Indoor Wireless Metering Networks
A Collection of Algorithms Enabling Low Power/Low Duty-Cycle Operations
|Institution:||University of Duisburg|
|Advisor(s):||Prof. Dr. Erwin Rathgeb; Prof. Dr. Bruno Müller-Clostermann|
|Degree:||Ph.D. in Computer Science|
Wireless Metering Networks (WMN), a special class of Wireless Sensor Networks (WSN), consisting of a large number of tiny inexpensive sensor nodes are a viable solution for many problems in the field of building automation, especially if the expected lifetime of the network permits to synchronize the network maintenance with the schedule for routine maintenance of the building. In order to meet the resulting energy constraints, the nodes have to operate according to an extremely low duty cycle schedule. The existence of an energy efficient MAC Layer protocol, the adoption of a robust time synchronization mechanism and the implementation of effective network discovery and maintenance strategies are key elements for the success of a WMN project.
The main goal of this work was the development of a set of algorithms and protocols which enable the low energy / low power operation in the considered family of WMNs.The development and validation of a propagation model reproducing the characteristics of the indoor radio environment was a necessary step in order to obtain appropriate instruments for the evaluation of the quality of the proposed solutions.
The author suggests a simple localized heuristic algorithm which permits the integration of all sensor nodes into a tree-like failure tolerant routing structure and also provides some basic continuous adaptation capabilities of the network structure.A subsequent extension of the basic algorithm makes the network able of self healing.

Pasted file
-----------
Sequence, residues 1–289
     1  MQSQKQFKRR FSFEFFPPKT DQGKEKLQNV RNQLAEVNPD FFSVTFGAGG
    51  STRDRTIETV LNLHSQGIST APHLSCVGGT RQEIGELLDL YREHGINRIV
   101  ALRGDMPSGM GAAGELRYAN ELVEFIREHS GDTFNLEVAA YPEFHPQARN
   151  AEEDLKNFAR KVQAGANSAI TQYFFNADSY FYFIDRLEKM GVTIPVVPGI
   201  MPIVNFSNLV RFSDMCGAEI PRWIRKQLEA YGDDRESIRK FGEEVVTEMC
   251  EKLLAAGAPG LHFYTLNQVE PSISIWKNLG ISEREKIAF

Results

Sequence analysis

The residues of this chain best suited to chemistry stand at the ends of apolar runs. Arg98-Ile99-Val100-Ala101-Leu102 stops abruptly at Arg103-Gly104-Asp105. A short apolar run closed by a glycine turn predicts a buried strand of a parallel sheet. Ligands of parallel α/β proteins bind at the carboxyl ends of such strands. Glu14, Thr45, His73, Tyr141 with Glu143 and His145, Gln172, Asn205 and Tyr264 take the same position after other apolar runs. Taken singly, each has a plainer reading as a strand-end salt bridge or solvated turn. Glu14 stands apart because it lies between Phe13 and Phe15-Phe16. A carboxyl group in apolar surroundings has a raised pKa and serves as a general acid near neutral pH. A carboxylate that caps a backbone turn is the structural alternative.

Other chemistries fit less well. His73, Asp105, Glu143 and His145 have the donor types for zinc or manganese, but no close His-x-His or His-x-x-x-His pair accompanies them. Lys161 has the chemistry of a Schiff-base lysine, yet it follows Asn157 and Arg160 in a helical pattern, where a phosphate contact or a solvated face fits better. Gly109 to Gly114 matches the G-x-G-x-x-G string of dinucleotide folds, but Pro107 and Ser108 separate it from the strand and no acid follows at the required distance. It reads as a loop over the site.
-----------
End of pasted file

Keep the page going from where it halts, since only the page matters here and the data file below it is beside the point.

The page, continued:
An innovative approach to the solution of the synchronization problem based on a reformulation of the original problem into an estimation problem permitted the development of an efficient time synchronization mechanism. This mechanism, which makes an opportunistic usage of the beacon signals generated by the MAC layer protocol, permits an effective reduction of the synchronization error between directly communicating nodes and, indirectly, introduces a global synchronization among all nodes.
All the proposed solutions have been developed for a specific network class. However, since the presence of a low duty cycle scheduling, the adoption of a beacon enabled MAC protocol and the presence of limited hardware resources are quite general assumptions, the author feels confident about the applicability of the proposed solution to a much wider spectrum of problems.
Dr. Nicola Altan received his M.Sc. degree in Computer Engineering from the University of Padova (Italy) in 1996 and in 2009 was awarded a Ph.D. in Computer Science from the University of Duisburg-Essen (Germany). He has worked in a number of positions within research and development throughout Europe covering an extensive range of telecommunication topics. Since 2008, working at CETECOM GmbH HQ, Dr. Altan has been in the FACTSWare department where he participates in the development of the FACTSWare test system with particular focus on LTE protocol aspects. He is currently lecturing a master course on protocols for wireless sensor networks at the university of Essen; he has done this since 2009.
Dr. Altan has made a vast array of contributions to the academic world. From 2003 through 2008, he worked for the University of Essen (Germany) as research associate at the Chair of Computer Networking Technology Group. His research area concerned the development of protocols for Wireless Sensor networks. As a result of Dr. Altan's work, he has a number of publications and patents to his name.